You're doing really well with getting meals, and picking up, and staying ever so slightly ahead (but ahead!) of the laundry when boom! all of a sudden there's a trail of unopened mail, clutter on the counters, and laundry piled a mile high.
something like this maybe?
Most of us live our lives at full capacity. Whenever something "extra" happens--something comes up to crowd an already full schedule, or something is brought into your home and there's just no room for it (or worse, it's Christmas and both happen at once!) then the overflow looks like socks on the floors, bathmats moulding in the tub, and (as always) dishes on the counter.
What we need is to give ourselves some breathing room.
We need it in our schedules. Last year, my Mom, who is raising my five year old nephew, had them scheduled to go out four evenings a week. There was swimming and sign language and music and cooking class. It was much too much. There was no room for sniffles, no room to breathe. I read a book ages ago that advised that we limit our children to two activities at a time. Given we had two kids, that seemed like sane advice. It has been.
When I began work, I resurrected an old habit from an old friend of mine. He taught me that life would less stressed if I got up two hours before I had to be somewhere--even if it was to go for breakfast! It is a wonderful practice even though it means I am up very early in the morning, sometimes. But there's nothing like the quiet of the whole house to energise me. (Bonus: I can cook the mire poix for my frittata for about 20 minutes before I add the eggs. Michael Pollen says that's a good thing. It certainly has a lovely flavour.)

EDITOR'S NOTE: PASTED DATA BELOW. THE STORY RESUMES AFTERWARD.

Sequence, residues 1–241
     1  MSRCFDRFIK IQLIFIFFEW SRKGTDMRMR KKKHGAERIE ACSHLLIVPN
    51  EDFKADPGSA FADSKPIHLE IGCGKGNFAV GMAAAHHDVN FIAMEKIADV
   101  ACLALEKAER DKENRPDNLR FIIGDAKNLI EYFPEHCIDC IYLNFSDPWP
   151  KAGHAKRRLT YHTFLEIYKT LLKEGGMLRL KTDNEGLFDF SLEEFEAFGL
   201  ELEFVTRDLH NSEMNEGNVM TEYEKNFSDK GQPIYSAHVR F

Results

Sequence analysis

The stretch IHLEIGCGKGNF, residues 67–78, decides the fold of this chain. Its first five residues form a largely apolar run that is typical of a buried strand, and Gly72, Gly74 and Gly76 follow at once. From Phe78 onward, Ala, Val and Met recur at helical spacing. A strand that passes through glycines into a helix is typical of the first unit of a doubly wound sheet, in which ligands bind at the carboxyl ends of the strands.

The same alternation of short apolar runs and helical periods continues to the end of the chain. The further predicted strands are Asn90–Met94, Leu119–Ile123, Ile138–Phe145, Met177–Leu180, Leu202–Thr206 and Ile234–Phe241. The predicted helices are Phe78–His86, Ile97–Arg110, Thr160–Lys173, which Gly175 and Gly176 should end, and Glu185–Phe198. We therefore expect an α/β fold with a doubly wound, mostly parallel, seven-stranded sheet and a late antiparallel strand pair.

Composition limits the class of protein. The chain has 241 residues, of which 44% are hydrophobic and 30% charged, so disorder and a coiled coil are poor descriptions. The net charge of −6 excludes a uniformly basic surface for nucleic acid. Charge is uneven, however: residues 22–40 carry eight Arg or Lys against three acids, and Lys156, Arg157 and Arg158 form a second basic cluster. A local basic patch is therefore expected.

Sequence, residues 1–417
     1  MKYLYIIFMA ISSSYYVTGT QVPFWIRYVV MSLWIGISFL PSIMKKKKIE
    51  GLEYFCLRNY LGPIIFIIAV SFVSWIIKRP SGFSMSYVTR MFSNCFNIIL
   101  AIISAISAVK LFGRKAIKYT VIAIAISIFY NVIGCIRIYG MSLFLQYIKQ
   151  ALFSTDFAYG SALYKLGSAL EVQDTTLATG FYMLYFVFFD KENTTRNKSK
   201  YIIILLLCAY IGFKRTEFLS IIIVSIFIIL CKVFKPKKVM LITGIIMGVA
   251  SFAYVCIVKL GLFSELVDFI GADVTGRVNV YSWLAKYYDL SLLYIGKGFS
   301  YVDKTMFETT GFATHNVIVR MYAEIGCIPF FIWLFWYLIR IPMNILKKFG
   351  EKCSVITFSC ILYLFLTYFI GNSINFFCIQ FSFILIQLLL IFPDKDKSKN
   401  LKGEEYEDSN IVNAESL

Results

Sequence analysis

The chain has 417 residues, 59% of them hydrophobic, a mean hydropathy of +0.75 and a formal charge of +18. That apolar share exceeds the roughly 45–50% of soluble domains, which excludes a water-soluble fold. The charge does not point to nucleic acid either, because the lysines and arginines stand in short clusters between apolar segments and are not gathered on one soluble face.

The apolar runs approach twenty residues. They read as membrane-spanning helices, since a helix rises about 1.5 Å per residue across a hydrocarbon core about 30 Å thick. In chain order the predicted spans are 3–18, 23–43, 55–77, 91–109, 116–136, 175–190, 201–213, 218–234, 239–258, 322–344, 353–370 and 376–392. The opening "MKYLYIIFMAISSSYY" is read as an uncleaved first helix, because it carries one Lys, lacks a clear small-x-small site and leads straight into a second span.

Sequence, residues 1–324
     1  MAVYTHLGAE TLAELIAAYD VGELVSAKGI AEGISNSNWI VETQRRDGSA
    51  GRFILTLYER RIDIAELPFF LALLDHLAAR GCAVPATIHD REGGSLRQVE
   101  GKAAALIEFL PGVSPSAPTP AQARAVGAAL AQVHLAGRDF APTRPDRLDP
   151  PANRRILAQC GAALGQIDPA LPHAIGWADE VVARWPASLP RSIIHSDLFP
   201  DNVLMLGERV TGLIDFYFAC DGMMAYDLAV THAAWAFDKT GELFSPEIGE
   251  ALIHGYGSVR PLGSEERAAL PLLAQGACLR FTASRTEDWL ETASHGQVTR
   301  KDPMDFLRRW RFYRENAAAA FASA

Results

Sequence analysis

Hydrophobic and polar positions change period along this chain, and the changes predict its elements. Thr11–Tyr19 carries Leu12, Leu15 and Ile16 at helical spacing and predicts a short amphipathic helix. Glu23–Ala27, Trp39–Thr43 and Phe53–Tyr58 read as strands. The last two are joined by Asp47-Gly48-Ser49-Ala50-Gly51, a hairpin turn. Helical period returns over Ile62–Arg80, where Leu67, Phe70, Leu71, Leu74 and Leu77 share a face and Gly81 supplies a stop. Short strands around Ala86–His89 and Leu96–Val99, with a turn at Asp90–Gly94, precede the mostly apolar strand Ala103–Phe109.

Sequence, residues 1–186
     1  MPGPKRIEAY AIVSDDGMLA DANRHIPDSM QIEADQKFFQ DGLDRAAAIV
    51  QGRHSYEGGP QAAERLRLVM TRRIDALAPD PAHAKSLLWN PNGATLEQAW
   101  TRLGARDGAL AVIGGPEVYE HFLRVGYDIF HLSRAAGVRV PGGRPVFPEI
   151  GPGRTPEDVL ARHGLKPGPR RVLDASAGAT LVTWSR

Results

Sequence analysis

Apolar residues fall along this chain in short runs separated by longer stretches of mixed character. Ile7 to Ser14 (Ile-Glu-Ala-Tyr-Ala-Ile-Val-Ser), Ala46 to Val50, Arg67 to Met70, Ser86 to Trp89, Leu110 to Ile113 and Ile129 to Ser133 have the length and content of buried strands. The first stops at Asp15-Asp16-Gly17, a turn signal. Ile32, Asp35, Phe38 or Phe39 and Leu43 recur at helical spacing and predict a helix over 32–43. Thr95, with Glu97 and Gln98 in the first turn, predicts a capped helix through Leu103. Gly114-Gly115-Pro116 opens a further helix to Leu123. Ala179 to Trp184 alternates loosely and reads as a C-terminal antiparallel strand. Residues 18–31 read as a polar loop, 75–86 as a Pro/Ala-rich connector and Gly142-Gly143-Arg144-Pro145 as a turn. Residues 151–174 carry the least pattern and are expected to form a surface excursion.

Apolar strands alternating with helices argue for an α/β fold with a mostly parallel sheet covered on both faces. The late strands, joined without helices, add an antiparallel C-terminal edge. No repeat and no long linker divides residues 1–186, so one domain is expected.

As for breathing room in the rooms of my house, I cannot stress its importance enough. Though I had the schedule thing more or less figured out, I filled my little house to the brim. I thought that was what you did.
But it put my life in total re-active mode. Every time something came into the house, it would cause a near melt-down. Christmas was overwhelming. Homeschooling--with it's influx of curriculum and materials-- was nearly unmanageable.
It wasn't until Nester's Tchotchke Challenge that I realised how cluttered my surfaces really were and how nice it is for them to breathe.
Prior to the Challenge in June:
As it looks today:
Creating breathing room gives you room to look after your self, your home and your time when things get busy or life gets full.
Go easy with your time and schedule at "stay-at home" night at least once or twice a week. Do things ahead of time, like make freezer meals (I've been thinking about this.) or do your gift shopping well in advance.
For your rooms, identify any space that is full or nearly full. Spend some time decluttering it. Do you want 10% breathing room? Twenty-five percent?
Whatever you decide, remember, the more room you create, the better you'll be able to accept new things into your life.
Do you need to make some breathing room? In your schedule, your rooms, or both?
ETA: You can catch all the posts in the series here.